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Old 02-02-2020, 10:52 PM   #21
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Liz, I added about a half bottle of Guinness to a pot of corned beef - once. I suppose it works if you don't like the taste of corned beef.

When I make corned beef and cabbage now, I cook the meat with a whole onion or two and some celery until it just starts to have a little give when you poke it with a fork. Then move it to a baking dish, cover with foil, and finish off in the oven. Meanwhile, cook the veggies in the broth in the pot. I especially like the broth sopped up with seeded rye bread.
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Old 02-03-2020, 05:07 AM   #22
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I make a rub and do that the night before, then I pressure cook it with about 8 oz beer (or water) for about 90 minutes (I check it after 40-50 minutes and go from there). wrap it in foil, put some juice in, and put it in the oven at 250 for about 20-30 minutes . I (check after 15 minutes). The one I made last week was the bomb. It was so perfect. I love to do it on the smoker setting of my pressure cooker, but the KN wanted corned beef, not pastrami last week.
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Old 02-04-2020, 02:59 AM   #23
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Corned beef is made from brisket, a relatively inexpensive cut of beef. The meat goes through a long curing process using large grains of rock salt, or “corns” of salt, and a brine. It's then slowly cooked, turning a tough cut of beef into one that's super tender and flavorful.
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Old 02-04-2020, 07:47 AM   #24
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Quote:
Originally Posted by kenmiller View Post
Corned beef is made from brisket, a relatively inexpensive cut of beef. The meat goes through a long curing process using large grains of rock salt, or “corns” of salt, and a brine. It's then slowly cooked, turning a tough cut of beef into one that's super tender and flavorful.
While aboard the U.S. Kitty-Hawk aircraft carrier, I one ordered a Reuben Sandwich. It had a slap of corned beef inside. I could not eat it as a sandwich as the meat was so tough, you couldn't cut it with a steak knife. I had to literally hold the meat with both hands, bite, and tear it with my teeth. It was about as tough as jerky, but a quaater-inch thick.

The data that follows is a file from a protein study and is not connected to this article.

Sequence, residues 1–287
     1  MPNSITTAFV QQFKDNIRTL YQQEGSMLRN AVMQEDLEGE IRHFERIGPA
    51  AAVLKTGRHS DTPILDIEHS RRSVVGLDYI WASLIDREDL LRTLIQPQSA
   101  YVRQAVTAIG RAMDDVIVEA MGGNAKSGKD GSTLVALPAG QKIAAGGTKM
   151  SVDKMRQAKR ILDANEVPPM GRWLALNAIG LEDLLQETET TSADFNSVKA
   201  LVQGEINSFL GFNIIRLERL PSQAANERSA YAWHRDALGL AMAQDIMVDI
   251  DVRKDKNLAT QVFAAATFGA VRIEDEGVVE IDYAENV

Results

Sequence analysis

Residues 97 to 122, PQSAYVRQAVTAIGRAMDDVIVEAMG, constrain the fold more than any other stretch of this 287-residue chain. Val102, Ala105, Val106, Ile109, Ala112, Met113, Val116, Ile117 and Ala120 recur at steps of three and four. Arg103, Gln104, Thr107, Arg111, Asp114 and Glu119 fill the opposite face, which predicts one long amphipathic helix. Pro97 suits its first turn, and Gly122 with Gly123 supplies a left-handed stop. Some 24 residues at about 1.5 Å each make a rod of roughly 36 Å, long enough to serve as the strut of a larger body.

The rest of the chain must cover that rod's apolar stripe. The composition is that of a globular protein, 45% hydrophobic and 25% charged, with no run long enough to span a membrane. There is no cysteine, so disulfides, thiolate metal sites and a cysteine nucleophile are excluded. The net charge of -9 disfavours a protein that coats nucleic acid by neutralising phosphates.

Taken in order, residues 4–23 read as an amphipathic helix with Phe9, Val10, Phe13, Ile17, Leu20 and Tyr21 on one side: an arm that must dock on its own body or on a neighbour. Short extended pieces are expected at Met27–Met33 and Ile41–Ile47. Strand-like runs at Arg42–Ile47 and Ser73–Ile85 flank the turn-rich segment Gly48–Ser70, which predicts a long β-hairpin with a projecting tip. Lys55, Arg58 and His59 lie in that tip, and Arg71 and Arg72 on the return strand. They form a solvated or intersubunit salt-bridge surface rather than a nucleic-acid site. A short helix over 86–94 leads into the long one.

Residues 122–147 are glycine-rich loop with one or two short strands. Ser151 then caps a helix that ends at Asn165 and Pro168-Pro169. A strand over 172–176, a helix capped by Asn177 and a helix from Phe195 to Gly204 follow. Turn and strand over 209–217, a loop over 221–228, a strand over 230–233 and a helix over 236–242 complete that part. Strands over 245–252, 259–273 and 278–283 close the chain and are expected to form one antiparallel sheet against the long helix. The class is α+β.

the corning uses coarse salt, and pickling spices to favor the meat, not tenderize it. Proper cooking makes it tender. In any case, Corned beef is very tasty indeed. Not only is it great for Rubens, but is also great as the meat used in boiled dinner, or simply cut into slices and served with smashed spuds, and a tasty veggie, like sweet potatoes, or rutabaga, where the sweetness of the veggie balances out the salty corned beef.

Put some black pepper on the corned beef, and smoke it to make pastrami, which is smoked corned beef. You don't even need to spice it with pepper if you don't want to.

If you keep your fridge at about 4o degrees or so, you can easily make your own corned beef, wet brined. The meat, bi it brisket, or eye of round, just needs to sit in the brine for 2 weeks. You can even omit the pink salt if you want. I've made my own corned beef numerous times. I like to add black peppercorns to the pickling spice mix. I think it ads a nice flavor.

Oh, and I think sushi made with thin slices of corned beef, and wasabi dipping sauce would be great. For this, I would use a corned beef made from the beef round, sliced paper thin, then rolled with very thin sliced sweet onion, and finely minced red bell pepper, all rolled into the fice wheel. Just a novel idea for conred beef. To bad I can't have corned beef, at least not the deli stuff. I'd have to make my own, and reduce the salt content. I might just have to do this one day this month.

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Old 02-04-2020, 11:51 AM   #25
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I would be sure to get a coarse salt that is specifically for food use. Rock salt can be the stuff used for de-icing roads and walkways. It can have contaminants that are okay on a road, but which you wouldn't want to ingest.
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Old 02-15-2020, 02:02 PM   #26
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I've cooked the store packaged corn beef's for years. Only thing I don't like about them is the smell when they are cooking.

One day on another forum it was suggested to me to "smoke" one of them.